VA, Air Force forge telehealth partnership for critically ill patients

Leveraging the VA’s Tele-ICU equipment, patients in five Air Force facilities will gain electronic access and remote monitoring capabilities to VA doctors and nurses.
By Jessica Davis
01:54 PM
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Photo via USAF

The U.S. Department of Veterans Affairs Midwest Health Care Network signed a collaborative agreement with the Air Force Medical Operations Agency, to provide five military treatment facilities with access to the VA’s Tele-ICU capabilities, the VA announced this week.
The agreement covers Air Force patients in Las Vegas; Hampton, Virginia; Biloxi, Mississippi; Dayton, Ohio; and Anchorage, Alaska and is available through the VA’s centralized support center in Minneapolis.

The Tele-ICU telehealth program provides electronic access to board-certified doctors and critical care nurses using live audio and video feed, electronic monitoring, chart review and consultations. Officials said the doctors can prescribe medications, order tests and procedures, diagnose and discuss healthcare with patients and family.

[Also: 21st Century Cures Act a boon to telehealth, experts say]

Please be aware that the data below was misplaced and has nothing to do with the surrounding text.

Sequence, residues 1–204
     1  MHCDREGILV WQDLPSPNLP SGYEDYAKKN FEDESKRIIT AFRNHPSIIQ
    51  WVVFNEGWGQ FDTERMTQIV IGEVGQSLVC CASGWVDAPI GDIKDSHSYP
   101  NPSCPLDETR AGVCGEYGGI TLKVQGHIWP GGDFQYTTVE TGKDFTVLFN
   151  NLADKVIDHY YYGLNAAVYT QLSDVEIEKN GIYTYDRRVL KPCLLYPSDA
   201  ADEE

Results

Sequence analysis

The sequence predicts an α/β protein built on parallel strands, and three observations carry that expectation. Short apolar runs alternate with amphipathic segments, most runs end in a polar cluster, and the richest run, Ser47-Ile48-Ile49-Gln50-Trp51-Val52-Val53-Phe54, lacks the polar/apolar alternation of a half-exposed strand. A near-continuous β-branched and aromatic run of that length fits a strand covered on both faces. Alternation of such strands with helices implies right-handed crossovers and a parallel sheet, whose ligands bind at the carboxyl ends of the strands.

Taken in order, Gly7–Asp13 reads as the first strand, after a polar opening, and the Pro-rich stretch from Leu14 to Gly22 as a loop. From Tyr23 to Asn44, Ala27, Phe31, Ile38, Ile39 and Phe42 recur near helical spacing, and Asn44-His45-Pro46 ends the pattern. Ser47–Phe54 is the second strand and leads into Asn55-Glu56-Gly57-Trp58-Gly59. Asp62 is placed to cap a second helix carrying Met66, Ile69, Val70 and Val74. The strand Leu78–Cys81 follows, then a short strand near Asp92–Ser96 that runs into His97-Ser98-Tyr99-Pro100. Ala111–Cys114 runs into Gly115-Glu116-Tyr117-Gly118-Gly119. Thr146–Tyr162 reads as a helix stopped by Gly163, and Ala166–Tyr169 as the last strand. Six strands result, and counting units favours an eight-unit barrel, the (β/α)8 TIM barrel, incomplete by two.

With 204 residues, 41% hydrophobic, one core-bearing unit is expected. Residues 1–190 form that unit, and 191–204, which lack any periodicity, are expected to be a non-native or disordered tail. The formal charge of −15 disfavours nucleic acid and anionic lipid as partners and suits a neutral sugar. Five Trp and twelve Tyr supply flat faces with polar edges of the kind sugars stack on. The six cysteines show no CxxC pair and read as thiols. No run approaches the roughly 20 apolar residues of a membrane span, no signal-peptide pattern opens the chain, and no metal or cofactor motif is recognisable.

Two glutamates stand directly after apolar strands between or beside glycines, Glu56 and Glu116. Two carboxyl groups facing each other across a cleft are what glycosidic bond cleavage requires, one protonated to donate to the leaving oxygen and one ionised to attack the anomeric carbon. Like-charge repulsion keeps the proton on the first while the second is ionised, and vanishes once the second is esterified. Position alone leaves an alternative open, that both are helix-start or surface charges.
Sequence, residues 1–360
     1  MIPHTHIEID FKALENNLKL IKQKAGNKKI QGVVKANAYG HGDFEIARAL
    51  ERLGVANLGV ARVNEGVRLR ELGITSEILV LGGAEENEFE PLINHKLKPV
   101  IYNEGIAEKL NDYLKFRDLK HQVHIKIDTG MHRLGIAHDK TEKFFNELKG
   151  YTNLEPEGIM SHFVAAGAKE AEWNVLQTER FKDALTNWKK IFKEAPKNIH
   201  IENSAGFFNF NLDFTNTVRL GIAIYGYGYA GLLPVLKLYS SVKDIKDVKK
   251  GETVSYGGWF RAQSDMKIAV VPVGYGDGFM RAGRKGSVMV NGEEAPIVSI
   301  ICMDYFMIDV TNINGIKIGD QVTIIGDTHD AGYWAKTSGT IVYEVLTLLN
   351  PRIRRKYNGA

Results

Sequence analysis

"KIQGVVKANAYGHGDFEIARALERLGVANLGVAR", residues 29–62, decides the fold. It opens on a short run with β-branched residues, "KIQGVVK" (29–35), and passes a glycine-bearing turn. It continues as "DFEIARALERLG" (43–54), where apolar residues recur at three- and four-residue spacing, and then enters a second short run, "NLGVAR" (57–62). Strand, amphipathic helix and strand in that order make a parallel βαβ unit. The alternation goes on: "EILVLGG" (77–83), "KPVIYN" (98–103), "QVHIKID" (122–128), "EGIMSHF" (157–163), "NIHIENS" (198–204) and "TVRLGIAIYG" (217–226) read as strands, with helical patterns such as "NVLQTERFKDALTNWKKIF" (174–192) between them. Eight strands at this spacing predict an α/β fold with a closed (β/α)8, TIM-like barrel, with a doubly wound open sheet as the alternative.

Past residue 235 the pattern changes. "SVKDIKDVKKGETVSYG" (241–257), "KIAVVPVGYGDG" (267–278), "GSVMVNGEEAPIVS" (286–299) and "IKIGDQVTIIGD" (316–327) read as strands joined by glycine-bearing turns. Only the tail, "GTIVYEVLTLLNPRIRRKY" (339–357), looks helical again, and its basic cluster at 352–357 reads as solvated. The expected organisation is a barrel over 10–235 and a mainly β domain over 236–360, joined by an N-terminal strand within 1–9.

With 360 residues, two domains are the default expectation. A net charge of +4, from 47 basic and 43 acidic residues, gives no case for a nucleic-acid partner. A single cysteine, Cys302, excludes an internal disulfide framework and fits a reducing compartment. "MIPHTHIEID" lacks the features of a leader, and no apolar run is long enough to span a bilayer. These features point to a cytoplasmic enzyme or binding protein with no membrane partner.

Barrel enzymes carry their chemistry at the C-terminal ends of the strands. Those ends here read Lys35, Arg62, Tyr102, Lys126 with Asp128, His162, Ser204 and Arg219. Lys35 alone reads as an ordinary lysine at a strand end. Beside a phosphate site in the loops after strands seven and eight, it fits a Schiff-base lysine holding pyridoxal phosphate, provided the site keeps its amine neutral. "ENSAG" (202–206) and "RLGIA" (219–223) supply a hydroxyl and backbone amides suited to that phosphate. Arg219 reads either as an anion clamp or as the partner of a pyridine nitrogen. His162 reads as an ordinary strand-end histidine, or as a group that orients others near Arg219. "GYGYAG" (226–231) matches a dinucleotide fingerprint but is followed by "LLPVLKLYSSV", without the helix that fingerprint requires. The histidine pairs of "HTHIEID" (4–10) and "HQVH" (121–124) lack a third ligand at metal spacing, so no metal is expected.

Remote, real-time monitoring and tracking of critically ill patients is one of the biggest goals of the project, as VA Secretary David Shulkin, MD hopes to improve care quality and patient outcomes through the tool.

“Tele-ICU is more than just a way of providing remote care,” said Shulkin in a statement. “It improves the quality of care, decreases costs by supporting evidence-based practices and it improves patient outcomes through decreased ventilator days, ventilator-associated pneumonias and reduced lengths of stay.”

[Also: Philips releases enterprise telemedicine software for intensive care units]

The program is part of the 2015 U.S. Department of Defense - VA Health Care Sharing Incentive Fund, which will provide patients in the five locations with the VA’s Tele-ICU tools. It’s the first of what Shulkin hopes is one of many partnerships with the DoD.

Under Shulkin’s leadership, the VA has been steadily working on modernizing the VA and its healthcare. Shulkin has continuously stressed the need for not only public-private partnerships to accomplish this, but also partnerships with other government agencies -- like the DoD.

[Also: Veterans benefited from Medicaid expansion but GOP bill will dramatically reduce their healthcare access]

“Collaborative partnerships, such as this agreement with VA, help us provide the best possible care to our service members, military family members and retirees who receive health care through the Department of Defense,” said Acting Assistant Secretary of Defense for Health Affairs, Dr. David Smith.

Twitter: @JessieFDavis
Email the writer: jessica.davis@himssmedia.com


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